Why college might not be the best idea – at least not for everyone

Recently this video appeared in the iTunes feed of TED talks, and everybody seems to be impressed by the novel approach of studio schooling.

The idea, that you can improve schooling with a hands-on approach and much more practical training is convincing – certainly not for every child, but at least for the large majority, who will not end up in an academic career. But I was baffled, that this should be a novel idea. At least in Germany and Switzerland, most of the professions will be learned with training on the Job. So a youth after leaving primary school (at the age of 14 to 16), who wants to be e.g. a mechanic, will start an organized training program (called “Lehre”) at a mechanic’s workshop. During this training period, which lasts between 2 and 4 years, depending on the profession, he will be introduced to the practical side of the craft. On one or two days per week, he will also go to a special school, to complete his training. After this training period, he either can start working in his profession, continue further training while working (to become a master or “Meister”) or continue a secondary education. There are even specialized colleges for people with more practical inclinations (“Fachhochschulen”). This practical education was for a long time the standard career path for most of the population across a wide variety of fields, from the traditional crafts up to salesmen or accountants. The college or university degree, on the other hand, was limited to the small number of people, who actually wanted to pursue an academic career.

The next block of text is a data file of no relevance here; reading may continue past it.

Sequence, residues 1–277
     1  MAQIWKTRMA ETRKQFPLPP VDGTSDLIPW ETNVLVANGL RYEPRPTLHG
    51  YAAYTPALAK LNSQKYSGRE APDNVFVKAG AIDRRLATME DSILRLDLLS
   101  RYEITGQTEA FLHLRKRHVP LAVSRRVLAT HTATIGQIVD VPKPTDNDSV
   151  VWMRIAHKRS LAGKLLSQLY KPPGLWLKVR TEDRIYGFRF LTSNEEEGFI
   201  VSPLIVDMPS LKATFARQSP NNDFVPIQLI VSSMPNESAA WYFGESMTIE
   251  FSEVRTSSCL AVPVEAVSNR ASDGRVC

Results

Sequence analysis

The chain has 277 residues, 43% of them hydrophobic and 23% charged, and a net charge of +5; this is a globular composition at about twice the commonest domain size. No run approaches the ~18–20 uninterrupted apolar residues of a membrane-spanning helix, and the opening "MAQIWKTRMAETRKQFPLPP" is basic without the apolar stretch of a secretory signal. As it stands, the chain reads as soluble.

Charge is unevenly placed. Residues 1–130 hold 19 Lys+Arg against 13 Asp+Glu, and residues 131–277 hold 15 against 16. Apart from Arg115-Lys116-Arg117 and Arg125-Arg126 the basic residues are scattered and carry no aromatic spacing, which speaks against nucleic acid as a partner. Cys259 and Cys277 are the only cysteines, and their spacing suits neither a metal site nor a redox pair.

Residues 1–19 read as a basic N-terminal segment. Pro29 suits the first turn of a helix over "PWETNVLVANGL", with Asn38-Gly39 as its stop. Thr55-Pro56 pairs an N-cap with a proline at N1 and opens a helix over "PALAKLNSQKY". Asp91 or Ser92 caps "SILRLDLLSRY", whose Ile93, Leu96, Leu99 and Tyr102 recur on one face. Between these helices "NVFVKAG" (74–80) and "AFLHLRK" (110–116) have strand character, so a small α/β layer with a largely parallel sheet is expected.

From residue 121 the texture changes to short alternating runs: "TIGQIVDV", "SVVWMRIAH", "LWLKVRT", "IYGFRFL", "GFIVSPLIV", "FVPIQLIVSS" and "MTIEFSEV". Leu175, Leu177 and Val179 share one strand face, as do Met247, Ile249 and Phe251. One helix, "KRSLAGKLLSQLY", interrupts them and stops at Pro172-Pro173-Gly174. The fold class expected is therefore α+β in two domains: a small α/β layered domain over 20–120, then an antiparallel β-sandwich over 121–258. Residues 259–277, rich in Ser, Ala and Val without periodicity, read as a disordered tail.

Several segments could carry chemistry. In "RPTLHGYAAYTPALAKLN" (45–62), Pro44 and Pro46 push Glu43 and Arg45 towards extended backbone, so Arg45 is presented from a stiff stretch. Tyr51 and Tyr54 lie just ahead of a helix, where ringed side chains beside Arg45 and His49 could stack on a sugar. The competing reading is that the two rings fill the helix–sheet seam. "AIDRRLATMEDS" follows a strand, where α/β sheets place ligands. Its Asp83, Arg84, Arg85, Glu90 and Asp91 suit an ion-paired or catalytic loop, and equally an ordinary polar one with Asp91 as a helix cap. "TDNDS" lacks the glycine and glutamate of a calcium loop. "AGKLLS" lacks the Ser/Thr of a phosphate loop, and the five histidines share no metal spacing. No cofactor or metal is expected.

However, this practical training, despite it’s structure, is not a formal college degree and is therefore not accepted in the international education rankings. So while a lot of people got an education, that was perfect for their needs, it limited the number of “educated people” in the international rankings. A good example is a nurse, who will get a practical degree in Germany, but will study at a university in most other European countries – both will perform similar tasks in the end. To overcome this lack of college graduates, and to keep up with the level of university graduates, Germany increasingly sends students to university for tasks, that might better be trained on the job: only 20 years ago, the normal bank teller would have spent 10 years in school and then gone through practical training at the bank, and would have been able to earn a living at the age of 20. Today, a significant amount of bank tellers, went through 12 years of school, studied economics for another 4 years but will still require another year of practical training on the job, to get the experience with actual work at a bank.
So it is nice, that at least someone else starts to see the advantages of a practical education. Maybe it is not too late, and we can learn something from the “old” training system in Germany before it is completely replaced by higher education with limited value.


About brainfisch

Some unnecessary musings on life, the universe and everything.
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